By Southwester Staff
Living Classrooms of the National Capital Region provides experiential learning to young people in Southwest and beyond. This summer, local middle school students participated in a S.T.E.A.M. (science, technology, engineering, arts and mathematics) camp at the James C. Dent House Community Center on Buzzard Point.
These programs earned financial support from the Capitol Riverfront BID, which donated nearly $6,000, according to D. Darnell Eaddy, Managing Director for the National Capital Region of the Living Classrooms Foundation. Eaddy stepped into his role in July, bringing a strong background in social work and youth development and a commitment to community engagement.
Eaddy provided an email interview to The Southwester, which has been edited for length.
The Southwester: How do your programs impact the Southwest community?
Darnell Eaddy: Living Classrooms Foundation is committed to working with communities by creating access to opportunities designed to disrupt the ecosystem of poverty. Our program participants are our lead partners in the work of disrupting this system and mitigating the disparities it causes. We recognize that the strength of each community lies in the resilience of each resident and the access and opportunities available to community members of all ages. Living Classrooms creates safe spaces to nurture the abilities of all participants to achieve a positive collective impact through experiential learning – literally learning through direct experience – or what we call “learning by doing.” Our core competencies in applying this approach are in our three focus areas: Education, Workforce Development, and Health, Wellness, & Community Safety. Through this work, Living Classrooms has impacted the lives of over 110,000 residents over the last 20 years by co-designing with communities programs that provide holistic and transformative opportunities.
SW: Your mission is linked to historic and contemporary racial, social, and economic disparities. How does this legacy shape your programming?
DE: Our legacy of historic and contemporary racial, social, and economic oppression has created the inequities and disparities that the Living Classrooms Foundation and other social service agencies and non-profits exist to attempt to both mitigate and dismantle. The oppression of marginalized communities is the core reason we seek to ensure that communities are heard, valued, and actively involved in the creation of programming and services to dismantle inequitable systems. We utilize a listen first approach, and we seek to respond with empathy. We recognize that community members are the experts of their experiences, and that it is imperative to keep families, stakeholders, and constituents involved in our planning and programming. Our participants know what their definition of success is and often just need support and resources to achieve their goals.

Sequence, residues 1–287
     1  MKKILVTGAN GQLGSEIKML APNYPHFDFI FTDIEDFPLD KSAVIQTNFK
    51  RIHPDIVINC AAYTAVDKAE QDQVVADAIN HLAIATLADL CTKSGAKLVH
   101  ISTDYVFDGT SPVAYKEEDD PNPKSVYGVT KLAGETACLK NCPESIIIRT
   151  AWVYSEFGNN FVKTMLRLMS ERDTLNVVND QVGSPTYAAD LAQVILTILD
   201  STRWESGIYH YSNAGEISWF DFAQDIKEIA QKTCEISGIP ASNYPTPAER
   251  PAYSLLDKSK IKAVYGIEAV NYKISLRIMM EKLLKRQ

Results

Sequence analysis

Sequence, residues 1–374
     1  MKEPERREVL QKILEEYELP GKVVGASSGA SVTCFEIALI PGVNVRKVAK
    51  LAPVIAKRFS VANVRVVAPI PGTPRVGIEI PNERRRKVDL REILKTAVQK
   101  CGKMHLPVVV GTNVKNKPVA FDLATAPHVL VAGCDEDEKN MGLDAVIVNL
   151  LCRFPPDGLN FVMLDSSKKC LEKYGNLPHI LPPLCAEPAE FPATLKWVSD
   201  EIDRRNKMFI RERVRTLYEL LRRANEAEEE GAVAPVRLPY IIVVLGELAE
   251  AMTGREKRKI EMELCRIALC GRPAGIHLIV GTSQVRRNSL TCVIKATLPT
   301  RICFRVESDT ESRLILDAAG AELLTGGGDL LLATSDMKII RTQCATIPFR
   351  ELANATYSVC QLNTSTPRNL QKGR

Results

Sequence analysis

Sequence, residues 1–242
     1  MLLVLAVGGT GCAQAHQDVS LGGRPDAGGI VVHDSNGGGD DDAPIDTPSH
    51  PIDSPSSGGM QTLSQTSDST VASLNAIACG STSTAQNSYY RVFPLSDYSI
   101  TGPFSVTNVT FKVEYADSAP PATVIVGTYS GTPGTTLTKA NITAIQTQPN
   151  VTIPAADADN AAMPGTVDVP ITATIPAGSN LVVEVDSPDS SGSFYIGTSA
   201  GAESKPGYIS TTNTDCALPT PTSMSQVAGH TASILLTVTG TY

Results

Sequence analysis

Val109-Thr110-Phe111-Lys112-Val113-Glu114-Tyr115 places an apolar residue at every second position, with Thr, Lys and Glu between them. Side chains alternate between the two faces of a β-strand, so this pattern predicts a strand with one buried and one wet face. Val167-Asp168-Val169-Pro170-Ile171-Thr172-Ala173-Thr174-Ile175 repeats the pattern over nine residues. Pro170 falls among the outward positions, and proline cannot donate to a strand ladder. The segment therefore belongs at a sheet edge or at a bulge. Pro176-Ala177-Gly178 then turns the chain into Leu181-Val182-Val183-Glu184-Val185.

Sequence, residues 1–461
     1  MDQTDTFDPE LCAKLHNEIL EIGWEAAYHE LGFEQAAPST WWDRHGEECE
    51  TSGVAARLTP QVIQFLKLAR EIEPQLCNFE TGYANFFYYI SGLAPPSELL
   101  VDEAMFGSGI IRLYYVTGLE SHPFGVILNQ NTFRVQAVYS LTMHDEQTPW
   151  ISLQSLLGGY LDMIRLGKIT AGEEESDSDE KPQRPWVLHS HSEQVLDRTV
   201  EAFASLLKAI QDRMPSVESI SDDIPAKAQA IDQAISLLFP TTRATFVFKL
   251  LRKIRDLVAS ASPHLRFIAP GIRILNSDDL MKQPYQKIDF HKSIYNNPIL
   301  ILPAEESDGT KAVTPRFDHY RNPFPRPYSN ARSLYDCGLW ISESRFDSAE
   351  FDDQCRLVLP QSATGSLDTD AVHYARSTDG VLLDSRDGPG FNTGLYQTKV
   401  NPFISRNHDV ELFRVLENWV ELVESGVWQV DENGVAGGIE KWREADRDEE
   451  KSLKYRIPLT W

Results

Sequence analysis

SW: How will the recent financial contribution from the Capitol Riverfront BID support the Southwest community?
DE: The generous donation from the Capitol Riverfront BID led by Michael Stevens will help to sustain our existing programming. The donation allowed us to expand the Creative Arts and S.T.E.A.M. enrichments offered to middle school scholars enrolled in our summer program. Scholars were able to express themselves through creative writing and music production, learn more about the environment in their community, and enhance 21st-century skills by learning foundational engineering principles. Additionally, it will help us continue to implement our award-winning robotics team and our music programs, the Queen Beez and BeatZone, into the 2021-2022 school year.
SW: The Dent House opened on Juneteenth just two years ago. With new development coming to Buzzard Point, what is the importance of holding this space for the community?
DE: The incredible legacy of Rev. Dent and the history of the community are integral components of the legacy of Buzzard Point and the Southwest community. We are committed to holding this space to ensure the diverse history of residents and the community are preserved. We have an obligation to honor the work of our ancestors and ensure that the future generations are aware of their rich history. Furthermore, we have an obligation to ensure that we utilize this space to ensure that every resident can be participants in the changes occurring in the community and not be displaced by them.
SW: As the new Managing Director, what are your top priorities?
DE: My overall goal for the Living Classrooms Foundation of the National Capital Region is to continue to disrupt the ecosystem of poverty by creating opportunities for youth and adults. We will achieve this by expanding the great work that already exists, including educational opportunities for youth, creating workforce development opportunities that create a path for participants to earn a family-supporting wage, and partnering with the local government to enhance the environment surrounding the Anacostia River. Ultimately, our goal is to partner with residents, government agencies, foundations, and businesses to build a Workforce Development & Education Center with the capacity to serve thousands of residents a year.